Review: Flight Behavior by Barbara Kingsolver


So maybe you’re hanging in on a Friday night (like me), wondering what to read next (like me). Or maybe it’s Saturday and you’d like a book to help you procrastinate, because really, who wants to clean the bathroom right now?  Look no further. Barbara Kingsolver is a five star author. And if you’re lucky, you’ll be reading her instead of doing anything else. 

The first novel I read by Kingsolver was The Bean Trees. Loved it. So clever. I reviewed it on this blog. Kingsolver’s Flight Behavior – even more clever. See, Barbara Kingsolver writes in layers, so I can effortlessly enjoy the superficial layer: Dellarobia and her family living in Appalachia; the beauty of butterflies and the wonder of their migration. 

And then I can look underneath… at the marriage struggles, and the secrets, and the desires to stop the cycle of poverty and ignorance. I can understand the socioeconomic and ecological divisiveness that microcosms create. 

And as I keep reading, the deepest layer peeks out: the hows and whys of nature gone wrong; the right way to be honest with the ones you love; the flight of survival, even when it takes you away from the comfortable, predictable place you’ve always called home.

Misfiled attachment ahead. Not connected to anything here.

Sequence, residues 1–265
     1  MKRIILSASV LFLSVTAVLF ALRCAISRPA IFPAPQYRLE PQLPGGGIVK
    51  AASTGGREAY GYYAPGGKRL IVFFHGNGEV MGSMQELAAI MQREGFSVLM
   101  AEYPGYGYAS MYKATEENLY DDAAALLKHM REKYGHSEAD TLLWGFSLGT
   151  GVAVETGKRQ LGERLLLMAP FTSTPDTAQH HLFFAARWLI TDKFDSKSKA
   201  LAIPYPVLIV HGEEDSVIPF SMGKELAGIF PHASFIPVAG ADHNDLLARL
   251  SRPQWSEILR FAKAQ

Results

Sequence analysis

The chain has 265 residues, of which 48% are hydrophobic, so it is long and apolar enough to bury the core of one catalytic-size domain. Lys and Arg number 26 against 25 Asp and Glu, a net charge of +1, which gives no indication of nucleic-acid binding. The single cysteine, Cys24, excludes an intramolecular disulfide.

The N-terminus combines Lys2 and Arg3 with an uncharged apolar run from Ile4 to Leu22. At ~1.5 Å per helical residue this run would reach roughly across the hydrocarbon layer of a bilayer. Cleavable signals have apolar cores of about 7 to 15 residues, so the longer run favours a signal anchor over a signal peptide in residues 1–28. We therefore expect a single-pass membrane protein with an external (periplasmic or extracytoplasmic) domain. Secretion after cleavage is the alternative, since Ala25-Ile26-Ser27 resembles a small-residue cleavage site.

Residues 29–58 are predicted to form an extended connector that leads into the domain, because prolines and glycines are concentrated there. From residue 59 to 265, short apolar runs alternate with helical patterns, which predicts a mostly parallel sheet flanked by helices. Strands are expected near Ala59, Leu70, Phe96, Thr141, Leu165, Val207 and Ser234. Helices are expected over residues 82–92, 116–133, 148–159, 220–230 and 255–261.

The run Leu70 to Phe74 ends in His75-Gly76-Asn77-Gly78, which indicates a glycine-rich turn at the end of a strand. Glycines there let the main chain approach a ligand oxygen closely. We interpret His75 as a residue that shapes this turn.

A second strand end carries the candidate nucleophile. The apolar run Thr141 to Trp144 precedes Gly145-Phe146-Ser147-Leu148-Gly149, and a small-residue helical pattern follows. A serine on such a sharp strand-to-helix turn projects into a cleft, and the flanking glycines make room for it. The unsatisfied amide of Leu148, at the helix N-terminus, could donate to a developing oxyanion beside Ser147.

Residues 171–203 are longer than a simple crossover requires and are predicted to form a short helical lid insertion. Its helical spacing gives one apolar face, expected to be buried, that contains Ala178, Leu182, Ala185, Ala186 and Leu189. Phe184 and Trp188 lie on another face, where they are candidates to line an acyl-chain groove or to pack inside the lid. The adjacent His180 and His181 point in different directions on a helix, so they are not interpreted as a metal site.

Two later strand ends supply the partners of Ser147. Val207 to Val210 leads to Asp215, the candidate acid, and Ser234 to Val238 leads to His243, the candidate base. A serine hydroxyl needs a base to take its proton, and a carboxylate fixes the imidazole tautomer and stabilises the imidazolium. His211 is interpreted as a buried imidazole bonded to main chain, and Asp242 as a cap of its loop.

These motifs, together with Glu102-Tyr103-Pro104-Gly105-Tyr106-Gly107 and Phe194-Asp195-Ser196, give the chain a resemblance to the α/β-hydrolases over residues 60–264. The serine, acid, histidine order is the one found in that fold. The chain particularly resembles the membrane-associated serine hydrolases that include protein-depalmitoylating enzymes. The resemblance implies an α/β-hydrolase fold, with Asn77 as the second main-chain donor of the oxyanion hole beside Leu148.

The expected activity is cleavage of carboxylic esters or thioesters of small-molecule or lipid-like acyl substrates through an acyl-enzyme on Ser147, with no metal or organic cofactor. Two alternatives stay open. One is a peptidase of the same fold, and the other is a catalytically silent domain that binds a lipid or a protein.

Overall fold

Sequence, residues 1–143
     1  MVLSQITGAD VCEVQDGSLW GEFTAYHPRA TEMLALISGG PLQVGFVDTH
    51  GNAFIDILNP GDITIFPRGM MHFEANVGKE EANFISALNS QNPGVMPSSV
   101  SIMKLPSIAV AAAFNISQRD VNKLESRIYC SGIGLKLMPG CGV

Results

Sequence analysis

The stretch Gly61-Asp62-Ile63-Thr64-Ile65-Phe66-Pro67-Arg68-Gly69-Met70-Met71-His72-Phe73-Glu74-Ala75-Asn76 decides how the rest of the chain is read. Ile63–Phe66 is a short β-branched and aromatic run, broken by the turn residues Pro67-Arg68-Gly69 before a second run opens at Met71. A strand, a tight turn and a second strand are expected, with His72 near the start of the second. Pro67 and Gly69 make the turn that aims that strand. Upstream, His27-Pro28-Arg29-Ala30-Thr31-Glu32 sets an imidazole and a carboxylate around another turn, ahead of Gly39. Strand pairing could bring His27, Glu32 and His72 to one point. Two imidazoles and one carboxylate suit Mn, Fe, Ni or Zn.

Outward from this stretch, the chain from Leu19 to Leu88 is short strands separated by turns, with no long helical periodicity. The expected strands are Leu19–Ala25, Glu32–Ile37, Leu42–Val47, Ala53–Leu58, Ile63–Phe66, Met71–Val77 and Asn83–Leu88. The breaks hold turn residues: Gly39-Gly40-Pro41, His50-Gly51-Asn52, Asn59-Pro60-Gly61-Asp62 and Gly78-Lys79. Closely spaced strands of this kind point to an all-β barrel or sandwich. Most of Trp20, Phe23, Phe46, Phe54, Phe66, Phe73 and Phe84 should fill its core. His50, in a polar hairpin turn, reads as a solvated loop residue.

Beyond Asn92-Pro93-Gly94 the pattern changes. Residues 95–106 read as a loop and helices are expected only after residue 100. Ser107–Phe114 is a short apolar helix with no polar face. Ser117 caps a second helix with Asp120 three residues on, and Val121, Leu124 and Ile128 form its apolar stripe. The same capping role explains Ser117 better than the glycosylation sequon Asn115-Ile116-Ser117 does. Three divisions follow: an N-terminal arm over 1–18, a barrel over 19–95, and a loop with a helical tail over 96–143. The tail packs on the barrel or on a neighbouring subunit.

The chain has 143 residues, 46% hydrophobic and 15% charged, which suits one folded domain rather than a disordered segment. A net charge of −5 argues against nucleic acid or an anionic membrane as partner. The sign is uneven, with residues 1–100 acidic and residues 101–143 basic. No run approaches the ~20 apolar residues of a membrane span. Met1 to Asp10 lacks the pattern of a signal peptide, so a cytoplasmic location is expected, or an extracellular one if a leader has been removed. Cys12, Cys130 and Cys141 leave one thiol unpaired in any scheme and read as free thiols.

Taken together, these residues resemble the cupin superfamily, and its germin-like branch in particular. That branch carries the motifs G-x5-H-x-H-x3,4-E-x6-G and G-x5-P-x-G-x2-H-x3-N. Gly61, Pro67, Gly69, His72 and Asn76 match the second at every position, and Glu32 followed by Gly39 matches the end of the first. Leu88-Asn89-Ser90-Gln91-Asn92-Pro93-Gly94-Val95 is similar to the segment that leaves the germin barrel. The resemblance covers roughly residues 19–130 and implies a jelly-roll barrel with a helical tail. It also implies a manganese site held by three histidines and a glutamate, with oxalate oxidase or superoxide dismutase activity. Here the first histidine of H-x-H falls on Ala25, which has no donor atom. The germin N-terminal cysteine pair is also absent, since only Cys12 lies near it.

There’s even more, of course. Love, religion, education, science,  living off the land… Kingsolver addresses myriad facets of life and polishes them from underneath. She keeps putting pieces together… And when you see the result you’ll be amazed. 

This is a five-star read. 



2 thoughts on “Review: Flight Behavior by Barbara Kingsolver

  1. My feelings after reading Kingsolver’s book described here? Way too much verbiage to tell a story. Perhaps it was just me – expecting a plot based story rather than the intricate, psychological introspection we were privy to digesting this book.
    Whatever. For the record, I also attempted another book she wrote: The Poisonwood Bible. I couldn’t get into that one & bailed out after a few chapters. As we know, reading is a personal choice & I’ve found an author who’s now definitely not on any future TBR lists for me.

    • I read The Bean Trees first, and that was less verbose. I do see a recurring theme though, after reading two Kingsolver novels – how man reflects nature and vice versa. I think she tries for metaphor – and IMO she succeeds. But I don’t read literary fiction as a rule. Kingsolver is my once-in-a-while in a sea of much lighter fare.

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